Tuesday afternoon, a federal judge for the U.S. District Court for the Eastern District of Texas issued a nationwide preliminary injunction on the Department of Labor’s new overtime rules, which were slated to go into effect on December 1, 2016. The judge ruled that the Department of Labor (DOL) likely overstepped its rulemaking authority by raising the salary threshold as high as it did and implementing the automatic increase every three years.
What this means as of right now:
- The effective date of the rules has been delayed indefinitely.
- Employers may choose not to implement the changes they had planned for Dec. 1 compliance.
- The new rules have not been thrown out or invalidated – at least not yet.
The judge has not made a final ruling in the case. We don't know when the final decision will be made. Employers are rightfully wondering whether they should move forward with the changes they have been planning. Here are some things to consider when determining whether to move forward:
- Will implementing the changes hurt the bottom line? If so, by how much?
- How difficult will it be to undo changes that have already been made?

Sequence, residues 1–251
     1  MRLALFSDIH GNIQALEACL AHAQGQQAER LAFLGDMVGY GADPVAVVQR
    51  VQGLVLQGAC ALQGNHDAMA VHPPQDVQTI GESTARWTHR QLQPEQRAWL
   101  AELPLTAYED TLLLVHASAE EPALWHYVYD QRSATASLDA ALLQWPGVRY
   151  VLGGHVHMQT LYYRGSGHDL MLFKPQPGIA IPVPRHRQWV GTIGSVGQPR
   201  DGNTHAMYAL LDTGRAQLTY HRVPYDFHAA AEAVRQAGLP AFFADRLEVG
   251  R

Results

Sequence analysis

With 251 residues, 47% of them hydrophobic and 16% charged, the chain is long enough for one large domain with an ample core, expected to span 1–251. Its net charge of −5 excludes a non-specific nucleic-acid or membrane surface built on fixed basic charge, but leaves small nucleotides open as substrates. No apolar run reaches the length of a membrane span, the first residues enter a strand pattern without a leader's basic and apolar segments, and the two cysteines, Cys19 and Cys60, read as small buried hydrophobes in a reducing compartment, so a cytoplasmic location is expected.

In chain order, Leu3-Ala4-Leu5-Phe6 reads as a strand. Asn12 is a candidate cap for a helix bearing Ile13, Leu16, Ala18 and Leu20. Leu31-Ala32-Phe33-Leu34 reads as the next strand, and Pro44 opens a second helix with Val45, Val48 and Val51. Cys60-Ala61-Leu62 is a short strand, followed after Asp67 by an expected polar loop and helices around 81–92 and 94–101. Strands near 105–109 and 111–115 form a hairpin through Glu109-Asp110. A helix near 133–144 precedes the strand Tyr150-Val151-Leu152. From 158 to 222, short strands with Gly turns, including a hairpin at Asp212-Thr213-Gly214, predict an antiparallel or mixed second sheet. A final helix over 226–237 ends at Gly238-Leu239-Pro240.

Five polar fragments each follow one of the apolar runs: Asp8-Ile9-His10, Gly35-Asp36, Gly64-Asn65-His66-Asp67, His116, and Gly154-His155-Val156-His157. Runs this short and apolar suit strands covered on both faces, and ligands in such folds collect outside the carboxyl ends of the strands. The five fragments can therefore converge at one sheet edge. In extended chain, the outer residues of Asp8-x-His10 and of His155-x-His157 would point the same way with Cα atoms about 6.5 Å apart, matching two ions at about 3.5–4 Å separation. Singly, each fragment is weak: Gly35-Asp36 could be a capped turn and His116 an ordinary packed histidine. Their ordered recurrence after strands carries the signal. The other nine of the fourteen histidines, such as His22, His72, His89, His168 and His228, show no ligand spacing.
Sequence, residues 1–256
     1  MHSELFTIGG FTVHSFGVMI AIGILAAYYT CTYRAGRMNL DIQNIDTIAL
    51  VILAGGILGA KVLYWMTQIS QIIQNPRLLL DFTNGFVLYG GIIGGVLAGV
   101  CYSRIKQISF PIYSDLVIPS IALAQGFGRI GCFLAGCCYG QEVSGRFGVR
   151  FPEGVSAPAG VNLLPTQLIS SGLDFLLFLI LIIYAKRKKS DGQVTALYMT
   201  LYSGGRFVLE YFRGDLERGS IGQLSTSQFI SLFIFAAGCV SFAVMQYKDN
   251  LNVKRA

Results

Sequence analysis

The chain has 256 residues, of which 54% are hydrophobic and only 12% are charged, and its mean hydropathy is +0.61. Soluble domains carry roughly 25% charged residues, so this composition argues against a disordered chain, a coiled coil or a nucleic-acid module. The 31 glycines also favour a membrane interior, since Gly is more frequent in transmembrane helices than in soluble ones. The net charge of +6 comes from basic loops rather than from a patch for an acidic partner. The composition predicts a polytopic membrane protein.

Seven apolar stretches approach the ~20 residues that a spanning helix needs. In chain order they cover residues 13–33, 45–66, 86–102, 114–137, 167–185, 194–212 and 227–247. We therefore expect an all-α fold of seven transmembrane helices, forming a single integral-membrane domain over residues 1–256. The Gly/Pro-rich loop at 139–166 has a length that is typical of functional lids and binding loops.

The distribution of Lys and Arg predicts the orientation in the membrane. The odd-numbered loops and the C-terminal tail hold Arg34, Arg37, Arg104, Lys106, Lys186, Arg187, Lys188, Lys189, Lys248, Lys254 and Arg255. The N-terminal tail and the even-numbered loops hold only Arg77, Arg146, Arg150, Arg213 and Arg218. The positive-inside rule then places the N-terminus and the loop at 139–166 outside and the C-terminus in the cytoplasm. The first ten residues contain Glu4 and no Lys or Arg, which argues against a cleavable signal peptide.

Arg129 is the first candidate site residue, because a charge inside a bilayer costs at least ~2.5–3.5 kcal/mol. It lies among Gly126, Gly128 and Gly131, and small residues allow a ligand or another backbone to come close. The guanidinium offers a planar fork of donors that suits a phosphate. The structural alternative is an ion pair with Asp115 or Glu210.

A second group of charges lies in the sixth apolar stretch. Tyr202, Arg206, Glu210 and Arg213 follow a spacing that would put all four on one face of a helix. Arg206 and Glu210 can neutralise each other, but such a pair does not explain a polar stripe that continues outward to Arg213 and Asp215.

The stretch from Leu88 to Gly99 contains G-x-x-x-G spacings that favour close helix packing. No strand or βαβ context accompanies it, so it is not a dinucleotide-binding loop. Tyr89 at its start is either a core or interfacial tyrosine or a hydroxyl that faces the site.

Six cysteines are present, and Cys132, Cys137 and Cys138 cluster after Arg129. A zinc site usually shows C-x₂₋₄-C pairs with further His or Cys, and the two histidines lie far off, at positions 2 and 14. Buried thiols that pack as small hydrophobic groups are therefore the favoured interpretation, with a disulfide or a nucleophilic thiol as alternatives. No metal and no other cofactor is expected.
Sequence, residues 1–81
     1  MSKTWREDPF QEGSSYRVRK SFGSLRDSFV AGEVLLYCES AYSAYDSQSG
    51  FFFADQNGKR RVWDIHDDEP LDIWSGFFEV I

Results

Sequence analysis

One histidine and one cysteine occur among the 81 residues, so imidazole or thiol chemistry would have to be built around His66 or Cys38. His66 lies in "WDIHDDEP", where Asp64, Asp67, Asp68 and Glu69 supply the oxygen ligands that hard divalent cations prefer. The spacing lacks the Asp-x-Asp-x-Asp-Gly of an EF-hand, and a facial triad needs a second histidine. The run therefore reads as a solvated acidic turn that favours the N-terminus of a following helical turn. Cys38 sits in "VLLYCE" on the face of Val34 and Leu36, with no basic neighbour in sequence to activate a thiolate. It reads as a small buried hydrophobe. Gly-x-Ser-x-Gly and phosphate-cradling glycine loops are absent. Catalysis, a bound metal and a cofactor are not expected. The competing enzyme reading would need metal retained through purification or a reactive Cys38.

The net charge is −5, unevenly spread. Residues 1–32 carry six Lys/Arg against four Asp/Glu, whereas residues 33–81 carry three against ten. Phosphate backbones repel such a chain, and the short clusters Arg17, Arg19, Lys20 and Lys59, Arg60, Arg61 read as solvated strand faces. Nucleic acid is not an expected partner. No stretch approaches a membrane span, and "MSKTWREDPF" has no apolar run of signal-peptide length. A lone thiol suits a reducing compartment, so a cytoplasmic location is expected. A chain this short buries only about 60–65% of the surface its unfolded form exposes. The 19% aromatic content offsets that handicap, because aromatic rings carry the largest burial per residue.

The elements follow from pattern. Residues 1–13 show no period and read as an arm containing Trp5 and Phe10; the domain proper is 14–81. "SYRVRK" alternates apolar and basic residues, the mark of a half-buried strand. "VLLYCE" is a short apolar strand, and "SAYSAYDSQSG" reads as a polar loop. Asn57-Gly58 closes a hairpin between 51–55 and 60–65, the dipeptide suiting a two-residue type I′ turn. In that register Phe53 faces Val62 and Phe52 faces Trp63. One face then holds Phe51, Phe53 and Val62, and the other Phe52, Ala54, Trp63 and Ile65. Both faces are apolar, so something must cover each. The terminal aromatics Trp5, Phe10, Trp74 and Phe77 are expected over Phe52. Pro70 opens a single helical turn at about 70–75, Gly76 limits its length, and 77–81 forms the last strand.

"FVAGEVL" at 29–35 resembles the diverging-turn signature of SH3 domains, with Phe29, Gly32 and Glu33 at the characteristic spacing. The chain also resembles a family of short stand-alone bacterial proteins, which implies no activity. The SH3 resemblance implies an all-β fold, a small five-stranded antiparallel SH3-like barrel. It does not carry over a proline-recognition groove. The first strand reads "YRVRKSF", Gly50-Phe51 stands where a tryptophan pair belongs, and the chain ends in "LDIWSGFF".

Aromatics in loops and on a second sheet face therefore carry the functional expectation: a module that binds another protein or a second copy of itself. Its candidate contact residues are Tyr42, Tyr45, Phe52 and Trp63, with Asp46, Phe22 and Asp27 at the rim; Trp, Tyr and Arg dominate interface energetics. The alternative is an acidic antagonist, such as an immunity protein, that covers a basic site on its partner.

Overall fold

- How do you expect your employees to feel about the decision? How did they feel about the expected/implemented changes?
- Is the new pay structure better than what is in place now? Why or why not?
- If the changes aren't implemented now, will it be possible to make them on short notice in the future if need be?
At this point, we don't know how long the injunction will be in place, if the rules will eventually be thrown out, or if the final decision will allow some parts of the rule to stand and not others. The DOL has indicated they are also considering their options with respect to the injunction.
We are keeping a close eye on this case and will keep you updated as actionable information is made available.
Questions? Contact us today.